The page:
Asking Questions in Spanish

Do you speak Spanish?

In English, questions mainly make use of interrogative words like “Do…”, “What…”, etc. to clue a reader in that the following sentence will be a question. While Spanish also uses these for questions that require more than a “Yes” or “No” answer, sentences can otherwise lack any overt clues. Often the questioning intonation is the main tip-off in spoken Spanish. The intonation for a question sounds similar to English, with a rising tone on the final word. Luckily, in written Spanish readers have another clue to allow efficient interpretation of a sentence right off the bat.

¿Está aquí?
Is he/she/usted here?

Está aquí.
He/she/usted is here.

Spanish, Galician, and Catalan (also spoken in Spain) all make use of upside-down question and exclamation punctuation to mark the beginning of the interrogative or exclamatory phrase, though they are optional in Galician. Note that the beginning of a phrase is not necessarily equivalent to the beginning of the sentence. In some cases the question phrase (or clause) may begin midway through within a larger sentence.

Forming Questions

When asking for more specific information than a yes-no question can provide, Spanish has interrogative words just like English. The word order is also similar to English when using these openers, with the verb following the interrogative.

Spanish English
qué what
por qué why
cuándo when
dónde where
cómo how
cuál which
cuáles which ones
quién who
cuánto, cuánta how much
cuántos, cuántas how many

You’ll notice that most of these words have accents when used as an interrogative, but they lose the accent when used in a declarative sentence. Additionally, the question “why” (por qué) can be answered with the very logical response “porque” (because).

Some of these also need to be combined with prepositions to add clarification, the difference here being that the prepositions need to occur right before the interrogative word, where in English they often occur at the end of the sentence.

¿De dónde vienes?
Where are you coming from?

¿Adónde vuelas?
Where are you flying to?

Spanish English
adónde to where
de dónde from where
por dónde where/whereabouts
para qué why, for what
a quién to whom
con quién with whom

Questions Within Sentences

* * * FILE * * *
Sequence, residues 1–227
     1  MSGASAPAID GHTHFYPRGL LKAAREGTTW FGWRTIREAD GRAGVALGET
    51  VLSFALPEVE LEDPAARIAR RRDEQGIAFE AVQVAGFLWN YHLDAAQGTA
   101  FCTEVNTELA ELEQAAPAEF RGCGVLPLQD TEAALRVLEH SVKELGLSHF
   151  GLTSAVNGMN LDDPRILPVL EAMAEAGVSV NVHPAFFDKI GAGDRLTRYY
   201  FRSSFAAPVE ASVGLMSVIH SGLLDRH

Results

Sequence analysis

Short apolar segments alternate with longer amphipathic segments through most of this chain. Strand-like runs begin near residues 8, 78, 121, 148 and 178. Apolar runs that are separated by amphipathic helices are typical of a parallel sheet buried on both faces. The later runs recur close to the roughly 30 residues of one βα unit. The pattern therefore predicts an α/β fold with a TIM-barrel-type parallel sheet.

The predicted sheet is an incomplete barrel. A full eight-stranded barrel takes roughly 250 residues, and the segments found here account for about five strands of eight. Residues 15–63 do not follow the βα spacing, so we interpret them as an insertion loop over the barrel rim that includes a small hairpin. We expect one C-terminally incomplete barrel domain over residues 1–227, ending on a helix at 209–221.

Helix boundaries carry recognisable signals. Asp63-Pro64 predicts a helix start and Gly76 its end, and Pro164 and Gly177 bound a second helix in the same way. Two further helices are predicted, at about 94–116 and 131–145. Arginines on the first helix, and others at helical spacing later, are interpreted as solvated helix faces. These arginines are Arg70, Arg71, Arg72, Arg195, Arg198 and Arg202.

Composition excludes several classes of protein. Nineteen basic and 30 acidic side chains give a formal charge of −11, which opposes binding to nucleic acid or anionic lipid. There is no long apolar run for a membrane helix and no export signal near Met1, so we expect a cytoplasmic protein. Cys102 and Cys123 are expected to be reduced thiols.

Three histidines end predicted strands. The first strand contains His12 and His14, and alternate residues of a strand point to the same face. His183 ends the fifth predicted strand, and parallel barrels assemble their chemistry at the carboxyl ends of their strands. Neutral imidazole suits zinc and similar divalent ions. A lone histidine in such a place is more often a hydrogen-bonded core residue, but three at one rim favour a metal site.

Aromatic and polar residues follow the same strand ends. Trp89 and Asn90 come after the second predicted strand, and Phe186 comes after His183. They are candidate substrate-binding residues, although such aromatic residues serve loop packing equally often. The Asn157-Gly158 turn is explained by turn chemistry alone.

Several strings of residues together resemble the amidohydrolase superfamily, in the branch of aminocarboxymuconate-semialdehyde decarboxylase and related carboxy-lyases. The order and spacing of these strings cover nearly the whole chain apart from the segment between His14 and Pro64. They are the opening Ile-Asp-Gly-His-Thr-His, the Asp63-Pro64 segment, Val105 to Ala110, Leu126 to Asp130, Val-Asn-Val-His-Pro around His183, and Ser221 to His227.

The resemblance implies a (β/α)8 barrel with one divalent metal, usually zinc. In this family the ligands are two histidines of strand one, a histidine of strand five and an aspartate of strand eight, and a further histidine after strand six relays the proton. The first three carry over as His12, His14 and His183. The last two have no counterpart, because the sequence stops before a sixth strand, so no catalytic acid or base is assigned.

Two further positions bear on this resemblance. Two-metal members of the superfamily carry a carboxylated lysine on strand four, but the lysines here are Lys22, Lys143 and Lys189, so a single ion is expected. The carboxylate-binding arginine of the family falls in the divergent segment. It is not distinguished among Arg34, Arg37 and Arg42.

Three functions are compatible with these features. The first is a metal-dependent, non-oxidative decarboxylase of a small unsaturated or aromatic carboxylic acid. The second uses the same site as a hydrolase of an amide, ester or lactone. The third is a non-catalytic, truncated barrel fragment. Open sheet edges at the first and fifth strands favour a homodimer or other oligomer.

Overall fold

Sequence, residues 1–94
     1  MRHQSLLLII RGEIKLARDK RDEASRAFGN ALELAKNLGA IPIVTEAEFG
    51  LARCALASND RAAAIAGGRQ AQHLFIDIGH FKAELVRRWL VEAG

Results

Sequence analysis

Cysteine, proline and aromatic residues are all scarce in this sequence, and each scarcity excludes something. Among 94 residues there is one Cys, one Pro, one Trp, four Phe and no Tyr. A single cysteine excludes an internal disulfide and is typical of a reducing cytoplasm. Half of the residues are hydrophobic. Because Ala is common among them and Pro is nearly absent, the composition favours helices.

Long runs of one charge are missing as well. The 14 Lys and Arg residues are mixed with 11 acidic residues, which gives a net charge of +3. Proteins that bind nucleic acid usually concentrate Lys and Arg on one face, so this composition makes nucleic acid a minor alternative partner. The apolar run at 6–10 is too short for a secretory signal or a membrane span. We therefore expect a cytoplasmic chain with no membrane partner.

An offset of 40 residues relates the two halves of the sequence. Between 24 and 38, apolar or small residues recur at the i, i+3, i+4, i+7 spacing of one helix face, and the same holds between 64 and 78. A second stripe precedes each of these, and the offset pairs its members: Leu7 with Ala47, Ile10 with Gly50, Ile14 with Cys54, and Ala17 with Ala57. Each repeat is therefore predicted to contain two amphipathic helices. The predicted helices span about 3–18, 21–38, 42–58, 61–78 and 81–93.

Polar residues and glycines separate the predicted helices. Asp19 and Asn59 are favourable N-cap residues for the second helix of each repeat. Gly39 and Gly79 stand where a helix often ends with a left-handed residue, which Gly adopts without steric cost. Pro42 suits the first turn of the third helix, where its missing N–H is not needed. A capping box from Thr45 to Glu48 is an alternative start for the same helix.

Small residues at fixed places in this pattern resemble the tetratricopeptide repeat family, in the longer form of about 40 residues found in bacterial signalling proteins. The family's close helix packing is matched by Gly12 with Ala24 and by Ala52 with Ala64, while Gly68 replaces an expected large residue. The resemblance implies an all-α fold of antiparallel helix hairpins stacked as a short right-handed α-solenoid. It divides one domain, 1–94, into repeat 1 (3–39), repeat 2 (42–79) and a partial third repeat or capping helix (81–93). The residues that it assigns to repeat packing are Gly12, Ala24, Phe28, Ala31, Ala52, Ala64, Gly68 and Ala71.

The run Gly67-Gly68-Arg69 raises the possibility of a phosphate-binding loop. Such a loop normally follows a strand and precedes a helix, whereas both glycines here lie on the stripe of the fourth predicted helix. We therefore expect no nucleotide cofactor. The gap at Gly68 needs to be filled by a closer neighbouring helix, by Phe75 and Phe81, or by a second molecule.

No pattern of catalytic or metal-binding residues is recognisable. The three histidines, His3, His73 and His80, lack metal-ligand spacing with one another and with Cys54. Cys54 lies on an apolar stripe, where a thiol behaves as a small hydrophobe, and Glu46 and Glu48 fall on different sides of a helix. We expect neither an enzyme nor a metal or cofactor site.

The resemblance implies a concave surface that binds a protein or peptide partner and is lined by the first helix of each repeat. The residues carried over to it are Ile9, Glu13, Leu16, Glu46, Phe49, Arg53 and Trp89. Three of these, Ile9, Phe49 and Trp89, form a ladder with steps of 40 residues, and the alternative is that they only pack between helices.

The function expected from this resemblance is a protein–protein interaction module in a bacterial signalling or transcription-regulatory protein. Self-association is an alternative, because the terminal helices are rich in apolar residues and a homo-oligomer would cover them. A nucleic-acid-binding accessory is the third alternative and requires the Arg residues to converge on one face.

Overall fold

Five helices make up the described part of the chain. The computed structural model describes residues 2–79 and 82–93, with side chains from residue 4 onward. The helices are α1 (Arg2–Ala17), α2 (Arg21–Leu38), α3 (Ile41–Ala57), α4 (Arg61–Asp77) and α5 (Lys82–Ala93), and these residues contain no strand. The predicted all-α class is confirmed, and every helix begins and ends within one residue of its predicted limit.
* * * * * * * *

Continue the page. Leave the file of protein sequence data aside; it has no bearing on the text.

Correctly placing the inverted question mark is a little tricky, because it requires that you think about where the clause which asks the question begins, rather than simply the beginning of the sentence. Generally, you place the inverted question right after the point where a natural comma occurs. The most important thing to keep in mind is that your questioning clause must include a verb and a noun (making it a complete/independent clause). Note that you do not need to capitalize the first word after the punctuation.

Dime, ¿cuándo vienes a visitarme?
Tell me, when are you coming to visit me?

Tengo frío, ¿y tú?
I’m cold, are you?

Sin embargo, ¡estoy cansado!
Nevertheless, I’m tired!

Marisa, ¿adónde te gustaría ir?
Marisa, where would you like to go?

How to Type “¡” and “¿”

Windows:

Use the numerical keypad on the right side of your keyboard. It may not work with the numbers above your letter keypad.

For the upside-down question mark type: Alt + 168 (0191)

For the upside-down exclamation point type: Alt + 173 (0161)

Mac:

On a Mac, producing these is quite similar to producing the usual “!” and “?,” just with the Option key.

For the upside-down question mark type: [Option] + [/] + [Shift]

For the upside-down exclamation point type: [Option] + [1]

iPhone and Android:

Simply long press the ? and ! symbols to select the inverted versions from a pop-up menu.

Samsung:

The inverted symbols are in the sym + (1/2) key menu on the second page.

¡¿Porque no los dos?!

In informal written Spanish, you may sometimes find both a “?” and a “!” used in conjunction. In English we do the same thing when we want to show our surprise, exasperation, or some extra emotion with a question. You may also see a Spanish speaker use one at the beginning and the other at the end:

¡Y tú quién te crees que eres?
And who do you think you are?!

Though you may try this out with your Spanish-speaking friends, we don’t recommend using it in any formal assignments or letters. Try following some native Spanish speakers on social media and keep your eye open for their usage!